Computers and Alternative Communication Just Research Proposal

Pages: 5 (1530 words)  ·  Style: APA  ·  Bibliography Sources: 5  ·  File: .docx  ·  Level: Master's  ·  Topic: Communication

¶ … Computers and Alternative Communication

Just as technology has been able to make life easier and open up to more opportunities than ever before, technology has also enabled people with speech disorders to be able to communicate in ways that they ordinarily might not have been capable of. One's ability to communicate has an undeniable impact on one's ability to be independent. This modern era truly has the capability of providing people with speech disorders of all kinds with technological devices which can aid in their ability to be understood and to engage with others, opening the door for a truly higher quality of life. Devices like tablets and comparable items offer a greater degree of independence, speed and variety in communication that are generally harnessed with the technology.

The research in question will focus on determining the following: Does the level of computer skills enhance an individual's ability to effectively use Augmentative & Alternative Communication tools? In other words, the study will seek to asses if an individual's computer skills were existent prior to the event, along with the level of computer skills that the caregiver possessed, and if those skills enhanced the ability to successfully use specific high-tech AAC device(s) or software, such as iPad or comparable devices.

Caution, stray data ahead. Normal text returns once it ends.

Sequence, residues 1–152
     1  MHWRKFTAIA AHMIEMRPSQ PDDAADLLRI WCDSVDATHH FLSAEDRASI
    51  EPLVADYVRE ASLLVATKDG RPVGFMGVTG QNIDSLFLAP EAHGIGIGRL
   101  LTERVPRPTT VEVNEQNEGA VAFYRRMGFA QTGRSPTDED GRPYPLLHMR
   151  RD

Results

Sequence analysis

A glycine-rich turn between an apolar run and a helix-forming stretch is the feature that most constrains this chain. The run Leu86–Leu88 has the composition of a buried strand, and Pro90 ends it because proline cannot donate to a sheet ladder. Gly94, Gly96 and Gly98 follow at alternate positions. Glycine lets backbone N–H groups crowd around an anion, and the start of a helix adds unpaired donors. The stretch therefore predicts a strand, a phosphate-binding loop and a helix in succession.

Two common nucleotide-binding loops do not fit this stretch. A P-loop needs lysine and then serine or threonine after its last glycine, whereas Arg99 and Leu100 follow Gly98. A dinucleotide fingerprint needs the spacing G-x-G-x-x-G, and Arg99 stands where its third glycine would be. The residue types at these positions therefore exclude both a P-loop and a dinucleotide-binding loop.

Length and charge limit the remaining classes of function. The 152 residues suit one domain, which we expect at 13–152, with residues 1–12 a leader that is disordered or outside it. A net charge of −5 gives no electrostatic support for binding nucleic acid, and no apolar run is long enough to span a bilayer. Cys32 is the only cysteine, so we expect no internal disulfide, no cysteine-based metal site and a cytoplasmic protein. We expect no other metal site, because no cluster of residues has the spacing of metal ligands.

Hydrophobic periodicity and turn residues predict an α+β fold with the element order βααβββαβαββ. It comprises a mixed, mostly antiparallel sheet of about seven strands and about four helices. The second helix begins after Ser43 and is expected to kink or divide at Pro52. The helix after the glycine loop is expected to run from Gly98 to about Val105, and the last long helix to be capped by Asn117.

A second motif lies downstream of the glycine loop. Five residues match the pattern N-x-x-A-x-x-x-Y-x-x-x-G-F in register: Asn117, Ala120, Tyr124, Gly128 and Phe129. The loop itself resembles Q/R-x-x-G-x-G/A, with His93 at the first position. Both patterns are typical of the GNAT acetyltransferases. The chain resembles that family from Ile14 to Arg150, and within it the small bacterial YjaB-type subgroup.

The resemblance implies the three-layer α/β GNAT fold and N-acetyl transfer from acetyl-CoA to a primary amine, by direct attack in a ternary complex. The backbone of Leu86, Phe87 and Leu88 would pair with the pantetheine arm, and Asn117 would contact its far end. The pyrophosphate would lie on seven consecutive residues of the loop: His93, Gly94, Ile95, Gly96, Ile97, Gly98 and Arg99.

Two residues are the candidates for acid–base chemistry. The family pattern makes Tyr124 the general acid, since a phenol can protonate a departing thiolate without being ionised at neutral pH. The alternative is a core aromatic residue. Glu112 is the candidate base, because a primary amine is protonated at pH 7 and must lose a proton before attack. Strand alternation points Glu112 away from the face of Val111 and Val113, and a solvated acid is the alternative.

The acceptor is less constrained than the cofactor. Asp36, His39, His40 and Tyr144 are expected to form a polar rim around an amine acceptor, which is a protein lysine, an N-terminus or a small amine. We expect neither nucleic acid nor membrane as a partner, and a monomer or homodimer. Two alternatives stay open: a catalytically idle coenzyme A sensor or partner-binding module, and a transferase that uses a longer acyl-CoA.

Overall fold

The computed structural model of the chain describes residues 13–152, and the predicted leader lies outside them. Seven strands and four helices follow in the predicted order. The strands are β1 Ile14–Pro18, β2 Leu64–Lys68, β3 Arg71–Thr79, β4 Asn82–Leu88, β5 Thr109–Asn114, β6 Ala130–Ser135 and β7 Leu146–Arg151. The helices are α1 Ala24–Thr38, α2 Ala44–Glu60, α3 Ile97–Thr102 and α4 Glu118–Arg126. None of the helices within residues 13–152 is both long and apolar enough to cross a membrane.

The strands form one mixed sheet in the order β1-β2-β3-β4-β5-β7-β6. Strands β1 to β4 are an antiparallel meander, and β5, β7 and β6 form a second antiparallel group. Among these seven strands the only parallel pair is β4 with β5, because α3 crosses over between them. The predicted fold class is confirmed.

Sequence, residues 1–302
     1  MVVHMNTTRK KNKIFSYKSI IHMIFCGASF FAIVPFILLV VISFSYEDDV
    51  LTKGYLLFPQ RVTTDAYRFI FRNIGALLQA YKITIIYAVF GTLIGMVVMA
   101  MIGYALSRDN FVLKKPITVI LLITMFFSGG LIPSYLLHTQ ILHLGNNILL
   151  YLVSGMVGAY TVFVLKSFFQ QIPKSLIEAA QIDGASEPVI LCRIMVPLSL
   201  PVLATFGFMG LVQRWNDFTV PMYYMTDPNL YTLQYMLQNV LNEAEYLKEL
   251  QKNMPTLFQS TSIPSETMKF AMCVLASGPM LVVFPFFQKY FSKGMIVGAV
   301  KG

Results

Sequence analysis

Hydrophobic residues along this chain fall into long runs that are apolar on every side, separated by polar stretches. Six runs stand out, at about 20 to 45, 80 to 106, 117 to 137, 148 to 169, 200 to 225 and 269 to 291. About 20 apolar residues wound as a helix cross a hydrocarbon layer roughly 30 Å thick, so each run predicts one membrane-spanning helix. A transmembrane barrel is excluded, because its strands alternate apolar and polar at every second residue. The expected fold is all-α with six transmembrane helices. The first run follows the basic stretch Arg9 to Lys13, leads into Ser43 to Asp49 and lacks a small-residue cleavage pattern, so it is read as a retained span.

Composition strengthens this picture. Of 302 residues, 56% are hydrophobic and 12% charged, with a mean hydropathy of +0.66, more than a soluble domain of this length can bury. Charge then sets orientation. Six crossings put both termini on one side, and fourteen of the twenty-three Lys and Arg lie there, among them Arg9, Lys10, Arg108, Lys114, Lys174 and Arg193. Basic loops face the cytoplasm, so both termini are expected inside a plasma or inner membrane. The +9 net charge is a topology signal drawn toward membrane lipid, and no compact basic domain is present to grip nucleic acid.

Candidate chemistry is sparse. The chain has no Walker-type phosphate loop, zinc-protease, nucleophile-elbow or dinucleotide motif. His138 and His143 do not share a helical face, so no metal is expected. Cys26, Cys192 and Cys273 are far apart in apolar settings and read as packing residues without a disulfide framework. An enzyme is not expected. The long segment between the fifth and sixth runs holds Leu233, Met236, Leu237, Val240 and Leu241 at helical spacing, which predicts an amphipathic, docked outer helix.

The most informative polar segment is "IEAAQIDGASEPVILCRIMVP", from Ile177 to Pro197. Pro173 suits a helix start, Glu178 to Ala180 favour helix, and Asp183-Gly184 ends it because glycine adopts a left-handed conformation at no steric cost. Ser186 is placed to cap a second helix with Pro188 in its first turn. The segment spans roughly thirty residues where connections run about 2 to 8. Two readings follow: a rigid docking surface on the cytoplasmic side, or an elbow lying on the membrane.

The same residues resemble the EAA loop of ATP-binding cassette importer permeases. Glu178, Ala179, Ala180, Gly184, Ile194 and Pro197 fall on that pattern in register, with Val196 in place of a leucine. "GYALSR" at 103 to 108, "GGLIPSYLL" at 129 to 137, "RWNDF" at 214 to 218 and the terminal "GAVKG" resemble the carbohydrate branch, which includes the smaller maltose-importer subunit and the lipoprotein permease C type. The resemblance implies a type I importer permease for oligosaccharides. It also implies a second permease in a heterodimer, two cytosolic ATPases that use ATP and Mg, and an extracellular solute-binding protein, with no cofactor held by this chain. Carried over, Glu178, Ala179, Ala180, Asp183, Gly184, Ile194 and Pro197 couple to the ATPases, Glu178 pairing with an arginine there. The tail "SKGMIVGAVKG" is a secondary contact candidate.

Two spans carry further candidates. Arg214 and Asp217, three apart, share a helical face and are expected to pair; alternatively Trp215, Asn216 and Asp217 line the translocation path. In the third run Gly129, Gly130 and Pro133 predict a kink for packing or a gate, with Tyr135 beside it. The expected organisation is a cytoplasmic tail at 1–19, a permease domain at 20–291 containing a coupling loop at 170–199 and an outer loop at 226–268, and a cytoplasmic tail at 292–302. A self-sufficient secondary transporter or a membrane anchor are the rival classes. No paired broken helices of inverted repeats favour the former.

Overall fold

Literature ReviewBuy full Download Microsoft Word File paper
for $19.77

Research Proposal on Computers and Alternative Communication Just Assignment

The current research on this proposed topic is promising and demonstrates the need for more research on the subject. For instance, the paper "Current and future AAC research considerations for adults with acquired cognitive and communication impairments" by Fried-Oken and colleagues, acknowledges how adults with difficulties communicating due to impairments which are secondary to things like stroke, brain injuries and neurodegenerative diseases are ideal candidates for alternative interventions for communication support (2011). "Recent research proves repeatedly that augmentative and alternative communication (AAC) provides a means for participation, engagement, conversation, and message transfer when individuals can no longer expect full return of pre-morbid communication skills and that inclusion of communication supports should begin early" (Fried-Oken et al., 2011). These researchers use this paper as a means of describing where future research needs to go and the necessity of more intricate, integrated systems of technical supports that harness low-tech, high-tech and partner-based methods for adults with a range of communication issues, such as aphasia and cognitive-communication issues which manifest from brain injuries and other conditions (Fried-Oken, 2011). This research demonstrates without a doubt the need for more precise and highly-focused research like the study proposed here, which has a greater emphasis on the devices used.